What to Consider In Your Auto Insurance Comparison

User Rating:  / 1

Whether you’ve just gotten your first car, or you’re just looking to switch auto insurance companies, you should definitely do some comparison shopping. An auto insurance comparison is important, because there are many different options when it comes to insurance policies as well as policy providers. Some providers will offer you things that seem too good to be true. They probably are, but some further research can let you know for sure. First, you should look into the companies offering policies in your area.


Auto Insurance




So, there are essentially three kinds of insurance companies—international, national, and local. Each kind of company has advantages and disadvantages that really depend on what you are looking for in a company. Auto insurance comparison shopping investigates the different types of companies.

With an international company, you know that you are covered in several different countries. If you live in Northern Canada or the central part of the United States, you might not be anywhere near another country; so, you might not be driving your car into a foreign country anytime soon. However, if you live in Europe, the American Southwest, or Southern Canada, you could feasibly be in a completely different country with only an hour or two drive. That means, you will need to be covered in several different countries in case of an accident. Also, even if the accident is not your fault, different jurisdictions have different insurance requirements. You might end up in a place that does not require every driver to have insurance. That means you will need to be covered if you get into an accident. You wouldn’t want to be trapped in a different country with a non-functioning vehicle.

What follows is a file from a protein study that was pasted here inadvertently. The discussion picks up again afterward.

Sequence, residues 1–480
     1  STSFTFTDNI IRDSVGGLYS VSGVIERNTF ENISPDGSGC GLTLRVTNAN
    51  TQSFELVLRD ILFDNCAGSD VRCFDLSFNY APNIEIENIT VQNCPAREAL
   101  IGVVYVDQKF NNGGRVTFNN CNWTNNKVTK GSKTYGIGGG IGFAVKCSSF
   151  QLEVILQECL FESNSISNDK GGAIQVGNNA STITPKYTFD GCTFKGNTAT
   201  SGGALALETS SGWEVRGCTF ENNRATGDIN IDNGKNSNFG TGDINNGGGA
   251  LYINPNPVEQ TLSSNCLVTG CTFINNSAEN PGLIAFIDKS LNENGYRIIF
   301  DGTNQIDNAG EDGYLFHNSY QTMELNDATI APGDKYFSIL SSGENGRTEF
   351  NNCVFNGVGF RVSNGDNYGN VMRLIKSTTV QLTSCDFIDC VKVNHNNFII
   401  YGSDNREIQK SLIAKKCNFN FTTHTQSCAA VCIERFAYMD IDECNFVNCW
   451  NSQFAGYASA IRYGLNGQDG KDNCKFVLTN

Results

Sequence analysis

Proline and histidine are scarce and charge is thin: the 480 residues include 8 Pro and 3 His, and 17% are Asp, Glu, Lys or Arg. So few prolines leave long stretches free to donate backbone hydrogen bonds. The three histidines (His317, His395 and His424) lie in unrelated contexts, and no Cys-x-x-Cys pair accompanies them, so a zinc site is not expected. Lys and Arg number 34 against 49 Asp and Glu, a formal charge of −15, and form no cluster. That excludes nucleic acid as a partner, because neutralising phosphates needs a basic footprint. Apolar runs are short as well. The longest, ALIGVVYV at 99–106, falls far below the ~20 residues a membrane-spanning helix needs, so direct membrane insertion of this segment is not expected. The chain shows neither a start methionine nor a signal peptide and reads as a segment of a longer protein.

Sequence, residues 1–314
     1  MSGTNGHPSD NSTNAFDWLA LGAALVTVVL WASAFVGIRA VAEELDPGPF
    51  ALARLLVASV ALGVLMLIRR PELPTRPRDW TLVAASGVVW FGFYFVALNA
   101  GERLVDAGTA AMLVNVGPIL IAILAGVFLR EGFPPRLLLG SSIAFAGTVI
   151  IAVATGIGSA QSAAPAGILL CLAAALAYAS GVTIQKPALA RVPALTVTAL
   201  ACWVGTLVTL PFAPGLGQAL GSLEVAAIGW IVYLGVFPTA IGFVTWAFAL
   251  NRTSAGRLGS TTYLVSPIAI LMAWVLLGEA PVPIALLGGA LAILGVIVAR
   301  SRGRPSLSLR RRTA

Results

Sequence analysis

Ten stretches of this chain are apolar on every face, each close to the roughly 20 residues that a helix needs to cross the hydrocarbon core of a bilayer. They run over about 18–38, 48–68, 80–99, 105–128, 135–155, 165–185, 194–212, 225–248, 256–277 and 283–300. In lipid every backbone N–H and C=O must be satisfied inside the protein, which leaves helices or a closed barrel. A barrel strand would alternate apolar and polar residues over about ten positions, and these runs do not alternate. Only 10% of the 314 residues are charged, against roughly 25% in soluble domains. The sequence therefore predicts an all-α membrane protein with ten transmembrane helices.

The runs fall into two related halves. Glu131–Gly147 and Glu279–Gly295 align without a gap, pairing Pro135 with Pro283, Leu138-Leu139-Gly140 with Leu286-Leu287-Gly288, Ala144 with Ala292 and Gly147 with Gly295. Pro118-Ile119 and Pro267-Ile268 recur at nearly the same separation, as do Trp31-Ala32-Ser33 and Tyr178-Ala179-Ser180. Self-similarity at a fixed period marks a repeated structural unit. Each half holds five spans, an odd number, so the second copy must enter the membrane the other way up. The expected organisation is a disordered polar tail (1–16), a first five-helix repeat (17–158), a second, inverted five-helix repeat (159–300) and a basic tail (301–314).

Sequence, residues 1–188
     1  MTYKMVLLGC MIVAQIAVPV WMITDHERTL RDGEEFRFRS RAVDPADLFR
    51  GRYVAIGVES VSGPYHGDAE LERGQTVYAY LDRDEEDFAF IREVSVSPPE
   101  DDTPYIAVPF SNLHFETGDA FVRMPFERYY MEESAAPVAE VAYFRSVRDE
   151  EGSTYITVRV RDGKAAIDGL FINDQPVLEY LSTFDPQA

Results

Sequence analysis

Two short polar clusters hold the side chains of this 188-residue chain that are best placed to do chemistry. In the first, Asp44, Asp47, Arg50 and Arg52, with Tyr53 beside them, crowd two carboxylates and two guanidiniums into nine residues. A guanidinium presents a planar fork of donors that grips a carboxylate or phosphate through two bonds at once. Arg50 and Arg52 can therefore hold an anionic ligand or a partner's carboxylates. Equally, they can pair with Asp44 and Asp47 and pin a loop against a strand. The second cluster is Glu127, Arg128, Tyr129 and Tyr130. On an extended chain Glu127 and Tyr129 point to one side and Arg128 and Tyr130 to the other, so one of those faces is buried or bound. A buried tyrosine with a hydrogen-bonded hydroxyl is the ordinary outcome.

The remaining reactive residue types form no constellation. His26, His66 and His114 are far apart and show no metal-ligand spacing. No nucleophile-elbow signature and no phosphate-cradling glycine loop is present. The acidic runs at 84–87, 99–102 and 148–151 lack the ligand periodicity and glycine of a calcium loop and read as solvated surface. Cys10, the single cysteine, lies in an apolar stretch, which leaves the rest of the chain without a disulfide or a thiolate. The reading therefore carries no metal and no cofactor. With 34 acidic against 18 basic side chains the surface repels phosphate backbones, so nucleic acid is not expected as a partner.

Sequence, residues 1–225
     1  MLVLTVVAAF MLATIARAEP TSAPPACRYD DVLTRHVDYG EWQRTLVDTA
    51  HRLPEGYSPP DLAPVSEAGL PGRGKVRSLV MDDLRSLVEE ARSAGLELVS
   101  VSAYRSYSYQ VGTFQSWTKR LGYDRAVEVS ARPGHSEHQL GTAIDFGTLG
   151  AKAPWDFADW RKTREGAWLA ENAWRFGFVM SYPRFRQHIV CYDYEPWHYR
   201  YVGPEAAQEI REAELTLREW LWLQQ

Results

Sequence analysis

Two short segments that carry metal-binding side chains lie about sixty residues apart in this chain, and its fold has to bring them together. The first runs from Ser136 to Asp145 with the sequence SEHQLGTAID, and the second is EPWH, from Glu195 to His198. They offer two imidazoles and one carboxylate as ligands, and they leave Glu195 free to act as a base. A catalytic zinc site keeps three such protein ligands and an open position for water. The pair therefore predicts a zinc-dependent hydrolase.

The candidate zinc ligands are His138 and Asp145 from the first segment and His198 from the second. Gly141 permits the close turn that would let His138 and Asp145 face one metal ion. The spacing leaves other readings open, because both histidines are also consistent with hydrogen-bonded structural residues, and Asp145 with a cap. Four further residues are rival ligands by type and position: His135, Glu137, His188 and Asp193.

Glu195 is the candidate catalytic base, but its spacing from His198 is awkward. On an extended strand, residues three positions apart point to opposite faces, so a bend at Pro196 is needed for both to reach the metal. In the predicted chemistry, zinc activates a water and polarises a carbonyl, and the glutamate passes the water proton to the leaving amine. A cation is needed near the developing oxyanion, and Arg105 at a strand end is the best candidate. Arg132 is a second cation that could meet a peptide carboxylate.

With a national company, you know that you are covered everywhere in the country. If you’re not going to drive out of the country very often, then this might be your best bet. Also, with a national company, you can feel fairly comfortable that it will not go out of business suddenly. You know that you will be covered everywhere in the country, and since the company has a large national profile, it is probably fairly stable. Obviously, this is not a guarantee; economic problems can arise to threaten just about any company. If the crises of 2008 are any indicator, economic problems can arise very quickly to sink large companies; however, there’s nothing you can really do to stop that.

Regional or local companies you find in your auto insurance comparison, on the other hand, are not as stable as the national or multinational companies. They do not have the massive customer base that the larger corporations have. Therefore, they’re more susceptible to volatile market forces and might be less capable of weathering a terrible economic climate. Those are some of the disadvantages. However, local companies tend to be slightly more responsive to policyholders than other organizations you might find in your auto insurance comparison. When you are dealing with a local company, they typically employ agents who are also local; so, your insurance company and your agents are from the same community as you. They usually live nearby, which means if you have an accident in your town or city, they can respond quickly. Also, since regional companies have smaller customer bases, they are more dependent on each customer. That means they’ll be a little more likely to go that extra mile for you.